DETROIT — Comerica Bank economists are blaming the lingering effects of a tough winter for a second straight monthly decline in the Michigan Economic Activity Index.
The index fell 0.8 percentage points to a level of 117.8 in March, down from 118.6 in February.
“Our Michigan Economic Activity Index declined again in March, showing the impact of a lingering bad winter on the state economy,” said Comerica chief economist Robert Dye. “Residential construction activity in particular was delayed due to weather. Also, auto production ticked down as sales were hampered nationally by bad weather in February. The good news is that job creation continues to match the U.S. average, and that will support increasing consumer spending for Michigan households. So far in this business cycle the state’s manufacturing sector has added jobs at a steady rate. We expect those gains to taper as the business cycle matures, with more jobs coming from nonmanufacturing industries.”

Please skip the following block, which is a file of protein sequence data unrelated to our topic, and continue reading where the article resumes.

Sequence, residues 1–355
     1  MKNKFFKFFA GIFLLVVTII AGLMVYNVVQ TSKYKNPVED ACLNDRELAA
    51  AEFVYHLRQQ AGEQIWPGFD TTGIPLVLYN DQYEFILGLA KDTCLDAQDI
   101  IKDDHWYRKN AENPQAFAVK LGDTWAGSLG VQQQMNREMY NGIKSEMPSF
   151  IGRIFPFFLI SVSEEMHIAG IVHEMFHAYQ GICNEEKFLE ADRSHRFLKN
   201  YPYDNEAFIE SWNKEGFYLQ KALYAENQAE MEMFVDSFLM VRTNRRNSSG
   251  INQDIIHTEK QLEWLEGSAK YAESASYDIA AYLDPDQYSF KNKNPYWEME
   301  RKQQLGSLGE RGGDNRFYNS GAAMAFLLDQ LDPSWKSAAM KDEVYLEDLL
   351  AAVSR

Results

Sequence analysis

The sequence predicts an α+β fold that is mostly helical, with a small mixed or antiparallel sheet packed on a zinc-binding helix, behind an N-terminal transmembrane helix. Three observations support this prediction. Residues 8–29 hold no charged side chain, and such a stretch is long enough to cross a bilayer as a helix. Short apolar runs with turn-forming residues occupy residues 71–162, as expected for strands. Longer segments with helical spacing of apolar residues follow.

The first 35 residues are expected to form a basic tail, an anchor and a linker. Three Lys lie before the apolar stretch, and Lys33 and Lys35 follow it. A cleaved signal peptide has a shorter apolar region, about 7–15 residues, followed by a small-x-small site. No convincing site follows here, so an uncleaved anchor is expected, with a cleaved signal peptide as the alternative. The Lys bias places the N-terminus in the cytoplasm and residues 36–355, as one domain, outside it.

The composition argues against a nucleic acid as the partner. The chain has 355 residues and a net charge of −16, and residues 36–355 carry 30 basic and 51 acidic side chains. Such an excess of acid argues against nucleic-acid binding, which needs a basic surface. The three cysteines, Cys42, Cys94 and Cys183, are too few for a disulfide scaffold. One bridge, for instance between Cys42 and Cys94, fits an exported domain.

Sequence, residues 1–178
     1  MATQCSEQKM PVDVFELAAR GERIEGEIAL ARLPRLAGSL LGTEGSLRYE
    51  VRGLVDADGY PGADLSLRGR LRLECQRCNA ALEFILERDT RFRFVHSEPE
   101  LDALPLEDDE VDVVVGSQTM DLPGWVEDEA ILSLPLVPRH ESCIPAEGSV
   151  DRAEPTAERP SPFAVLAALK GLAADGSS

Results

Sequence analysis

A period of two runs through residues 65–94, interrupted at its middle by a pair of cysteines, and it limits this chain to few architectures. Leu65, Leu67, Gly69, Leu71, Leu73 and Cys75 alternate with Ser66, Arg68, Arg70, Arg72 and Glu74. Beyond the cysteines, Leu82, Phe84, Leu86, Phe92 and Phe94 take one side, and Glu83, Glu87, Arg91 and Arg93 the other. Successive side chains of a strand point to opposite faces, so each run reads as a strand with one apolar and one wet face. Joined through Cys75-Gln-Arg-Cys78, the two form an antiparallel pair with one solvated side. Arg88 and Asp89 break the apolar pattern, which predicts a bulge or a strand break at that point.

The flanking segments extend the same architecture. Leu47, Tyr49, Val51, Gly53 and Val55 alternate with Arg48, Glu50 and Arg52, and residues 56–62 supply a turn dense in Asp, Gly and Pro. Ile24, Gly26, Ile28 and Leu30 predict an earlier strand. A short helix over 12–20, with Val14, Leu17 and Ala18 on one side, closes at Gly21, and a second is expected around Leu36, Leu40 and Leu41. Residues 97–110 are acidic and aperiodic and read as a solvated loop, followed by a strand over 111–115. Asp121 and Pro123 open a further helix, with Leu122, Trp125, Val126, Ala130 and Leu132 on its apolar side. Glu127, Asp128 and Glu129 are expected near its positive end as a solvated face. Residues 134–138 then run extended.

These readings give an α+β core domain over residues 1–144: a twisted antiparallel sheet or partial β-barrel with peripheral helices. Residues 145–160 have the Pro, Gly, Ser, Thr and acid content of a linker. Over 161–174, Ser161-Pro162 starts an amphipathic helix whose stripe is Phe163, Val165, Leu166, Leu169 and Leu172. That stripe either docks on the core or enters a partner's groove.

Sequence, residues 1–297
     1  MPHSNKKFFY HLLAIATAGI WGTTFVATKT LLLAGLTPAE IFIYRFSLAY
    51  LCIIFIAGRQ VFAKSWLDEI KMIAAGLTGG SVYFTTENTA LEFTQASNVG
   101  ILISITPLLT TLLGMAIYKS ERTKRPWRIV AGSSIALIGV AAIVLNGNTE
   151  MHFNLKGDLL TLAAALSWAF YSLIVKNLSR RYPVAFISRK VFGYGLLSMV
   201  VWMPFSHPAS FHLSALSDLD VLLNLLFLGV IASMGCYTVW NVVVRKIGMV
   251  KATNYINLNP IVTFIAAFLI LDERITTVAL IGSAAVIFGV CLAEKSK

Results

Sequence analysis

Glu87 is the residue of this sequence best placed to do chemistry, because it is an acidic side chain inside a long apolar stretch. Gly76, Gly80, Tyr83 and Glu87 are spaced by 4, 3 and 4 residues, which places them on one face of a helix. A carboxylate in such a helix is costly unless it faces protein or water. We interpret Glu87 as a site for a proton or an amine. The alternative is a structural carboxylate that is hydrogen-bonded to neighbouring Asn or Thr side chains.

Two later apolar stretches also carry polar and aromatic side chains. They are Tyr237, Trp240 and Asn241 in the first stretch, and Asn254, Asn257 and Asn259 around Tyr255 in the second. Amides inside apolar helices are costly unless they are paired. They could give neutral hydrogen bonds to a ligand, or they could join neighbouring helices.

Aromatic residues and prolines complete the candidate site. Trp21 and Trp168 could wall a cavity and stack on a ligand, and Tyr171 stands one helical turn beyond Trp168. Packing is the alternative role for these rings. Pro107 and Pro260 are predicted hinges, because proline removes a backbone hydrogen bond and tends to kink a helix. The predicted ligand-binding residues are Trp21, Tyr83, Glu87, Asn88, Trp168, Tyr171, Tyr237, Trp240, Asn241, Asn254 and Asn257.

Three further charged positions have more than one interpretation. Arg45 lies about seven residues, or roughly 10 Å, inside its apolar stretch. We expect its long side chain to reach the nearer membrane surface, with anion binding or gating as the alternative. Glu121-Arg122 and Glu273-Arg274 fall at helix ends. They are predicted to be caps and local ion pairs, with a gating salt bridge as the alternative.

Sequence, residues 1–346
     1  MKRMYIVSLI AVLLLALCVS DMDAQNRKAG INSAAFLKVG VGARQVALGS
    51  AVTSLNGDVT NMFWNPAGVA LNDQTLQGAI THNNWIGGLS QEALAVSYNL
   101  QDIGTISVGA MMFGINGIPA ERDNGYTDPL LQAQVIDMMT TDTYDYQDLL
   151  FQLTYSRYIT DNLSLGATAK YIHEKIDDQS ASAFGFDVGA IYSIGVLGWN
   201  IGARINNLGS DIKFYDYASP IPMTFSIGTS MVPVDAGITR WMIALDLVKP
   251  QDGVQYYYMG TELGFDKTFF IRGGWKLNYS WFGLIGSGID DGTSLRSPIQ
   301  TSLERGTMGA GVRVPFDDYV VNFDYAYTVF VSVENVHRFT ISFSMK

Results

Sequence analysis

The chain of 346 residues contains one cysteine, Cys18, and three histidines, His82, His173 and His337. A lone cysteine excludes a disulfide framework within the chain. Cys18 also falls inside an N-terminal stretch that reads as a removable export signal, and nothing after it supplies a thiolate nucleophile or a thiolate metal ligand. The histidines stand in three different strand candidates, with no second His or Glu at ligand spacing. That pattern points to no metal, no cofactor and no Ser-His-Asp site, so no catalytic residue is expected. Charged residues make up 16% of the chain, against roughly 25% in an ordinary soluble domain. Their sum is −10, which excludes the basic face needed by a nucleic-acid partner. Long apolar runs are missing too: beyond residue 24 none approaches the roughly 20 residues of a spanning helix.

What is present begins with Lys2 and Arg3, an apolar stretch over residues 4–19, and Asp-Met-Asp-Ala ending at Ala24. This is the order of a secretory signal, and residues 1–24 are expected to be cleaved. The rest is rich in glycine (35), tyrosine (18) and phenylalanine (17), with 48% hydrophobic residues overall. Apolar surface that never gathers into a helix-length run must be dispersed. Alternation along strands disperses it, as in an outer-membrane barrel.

The Michigan Economic Activity Index consists of eight variables — nonfarm payrolls, exports, hotel occupancy rates, continuing claims for unemployment insurance, housing starts, sales tax revenues, home prices, and auto production. All data are seasonally adjusted, and indexed to a base year of 2008. Index levels are expressed in terms of three-month moving averages.
The index averaged 117.6 points for all of 2014, 3.3 percentage points above the index average for 2013.
March’s reading is 44 points, or 60 percnet, above the index cyclical low of 73.8, reached at the bottom of the 2007-09 recession.
More at www.comerica.com/economics.